Rupture is a tear or hole in the outer shell of the breast implant. When a silicone gel-filled implant ruptures, the gel may remain in the shell or in the scar tissue that forms around the implant (intracapsular rupture). In some cases, silicone gel may also escape from the scar tissue capsule around the implant and migrate away from the breast. When a silicone gel-filled breast implant ruptures, some women may notice decreased breast size, hard knots, rugged appearance of both breasts, local pain or tenderness, tingling, swelling, numbness, burning, or changes in sensation. However, most ruptures are without any symptoms. These are known as “silent ruptures.”
Magnetic Resonance Imaging (MRI) is the most effective way to detect silent rupture of a silicone gel-filled breast implant. It is recommended that women with silicone gel-filled breast implants undergo MRI screening three years after they receive a new implant and every two years after that for early detection of a silent rupture. Some breast implants rupture in the first few months after surgery and some later on, after several years.
Some possible causes of rupture include:
It is recommended to remove breast implants if they have ruptured. You and your doctor will need to decide whether or not your implant has ruptured and whether you are a suitable candidate for autologous tissue reconstruction.
Breast Implant-Associated Anaplastic Large Cell Lymphoma (BIA-ALCL)
BIA-ALCL is a type of T-cell lymphoma that can develop following breast implants. BIA-ALCL is not breast cancer. It is cancer involving cells of the immune system. BIA-ALCL is generally found in tissues around the implant itself and is usually contained within the fibrous capsule that the body forms around every implant. In some cases, it can spread throughout the body. Precise risks are difficult to determine due to lack of information about how many patients have received breast implants. Several recent publications have estimated an increased risk of developing BIA-ALCL in individuals with textured breast implants. The current literature reported various estimates that BIA-ALCL might develop in 1 in between 3,817 to 30,000 women with textured breast implants (FDA, 2017)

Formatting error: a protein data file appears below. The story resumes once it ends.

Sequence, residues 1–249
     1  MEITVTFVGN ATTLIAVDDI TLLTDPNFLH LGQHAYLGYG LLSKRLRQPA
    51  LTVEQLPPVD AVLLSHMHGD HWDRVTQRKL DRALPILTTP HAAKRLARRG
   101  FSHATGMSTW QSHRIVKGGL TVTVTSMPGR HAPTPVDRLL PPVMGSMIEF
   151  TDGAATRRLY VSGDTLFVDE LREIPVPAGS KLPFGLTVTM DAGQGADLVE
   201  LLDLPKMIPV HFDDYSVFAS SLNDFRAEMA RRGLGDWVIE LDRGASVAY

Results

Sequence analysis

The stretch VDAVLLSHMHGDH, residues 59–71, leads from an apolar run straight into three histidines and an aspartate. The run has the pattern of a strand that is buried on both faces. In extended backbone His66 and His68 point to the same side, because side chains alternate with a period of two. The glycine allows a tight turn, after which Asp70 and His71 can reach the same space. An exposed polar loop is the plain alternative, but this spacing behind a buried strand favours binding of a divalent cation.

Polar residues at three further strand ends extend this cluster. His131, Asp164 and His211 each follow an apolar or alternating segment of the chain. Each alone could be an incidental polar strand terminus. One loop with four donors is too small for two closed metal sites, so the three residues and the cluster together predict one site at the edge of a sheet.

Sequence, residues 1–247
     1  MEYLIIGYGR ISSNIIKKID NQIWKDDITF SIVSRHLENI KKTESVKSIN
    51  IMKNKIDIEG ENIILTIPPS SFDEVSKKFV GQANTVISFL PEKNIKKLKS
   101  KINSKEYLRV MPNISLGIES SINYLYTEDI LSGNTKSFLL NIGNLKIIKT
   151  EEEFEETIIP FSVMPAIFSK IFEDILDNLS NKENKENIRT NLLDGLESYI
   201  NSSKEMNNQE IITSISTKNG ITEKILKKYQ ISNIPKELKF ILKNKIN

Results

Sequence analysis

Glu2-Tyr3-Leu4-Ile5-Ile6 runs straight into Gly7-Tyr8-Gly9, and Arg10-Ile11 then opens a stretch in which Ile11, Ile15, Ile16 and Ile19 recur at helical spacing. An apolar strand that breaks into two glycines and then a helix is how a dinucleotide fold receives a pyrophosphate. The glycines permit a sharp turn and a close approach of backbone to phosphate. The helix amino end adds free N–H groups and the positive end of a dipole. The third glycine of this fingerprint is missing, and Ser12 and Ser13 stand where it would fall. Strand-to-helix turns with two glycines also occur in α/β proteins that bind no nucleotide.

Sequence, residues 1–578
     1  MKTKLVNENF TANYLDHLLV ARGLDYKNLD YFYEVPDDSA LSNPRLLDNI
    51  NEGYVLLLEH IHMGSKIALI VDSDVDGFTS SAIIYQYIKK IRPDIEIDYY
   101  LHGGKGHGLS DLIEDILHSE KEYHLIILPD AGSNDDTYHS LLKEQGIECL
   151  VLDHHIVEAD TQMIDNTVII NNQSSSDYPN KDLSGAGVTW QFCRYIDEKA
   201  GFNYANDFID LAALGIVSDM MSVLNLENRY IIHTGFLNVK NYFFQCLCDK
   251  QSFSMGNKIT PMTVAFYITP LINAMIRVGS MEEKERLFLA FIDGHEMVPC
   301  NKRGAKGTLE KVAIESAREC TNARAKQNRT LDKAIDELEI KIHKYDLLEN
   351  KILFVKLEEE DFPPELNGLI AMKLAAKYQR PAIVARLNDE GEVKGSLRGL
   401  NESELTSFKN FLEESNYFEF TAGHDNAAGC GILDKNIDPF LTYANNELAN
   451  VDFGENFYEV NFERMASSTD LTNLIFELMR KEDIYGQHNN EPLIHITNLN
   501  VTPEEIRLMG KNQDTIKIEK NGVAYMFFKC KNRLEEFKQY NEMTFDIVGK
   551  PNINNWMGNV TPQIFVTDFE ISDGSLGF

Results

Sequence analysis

Most of the cases reported in the literature describe individuals who have had textured implants. Several recent journal articles explore possible risk factors for developing BIA-ALCL, including the methods used to create the textured surface and the role of biofilm. Most of the breast implant patients found to have BIA-ALCL were diagnosed after they sought medical treatment for implant-related symptoms such as pain, lumps, swelling, or asymmetry that developed after their initial surgical sites have fully healed. In most cases, the BIA-ALCL was treated with surgery to remove the implant and surrounding scar tissue. Some patients also received additional radiation therapy, chemotherapy or both.
The risk of developing BIA-ALCL is low. If you have breast implants, there is no need to change your routine medical care and follow-up. You should expect swelling and pain immediately after surgery. If you notice changes in the way your breast looks or feels after your recovery from surgery has been completed—including swelling or pain around the implant—be sure to talk to your healthcare provider about the possibility of BIA-ALCL.
Connective Tissue Disease
The FDA has not detected any association between silicone gel-filled breast implants and connective tissue disease, breast cancer, or reproductive problems. Studies would need to be larger and longer than these conducted so far to rule this and other complications out definitively.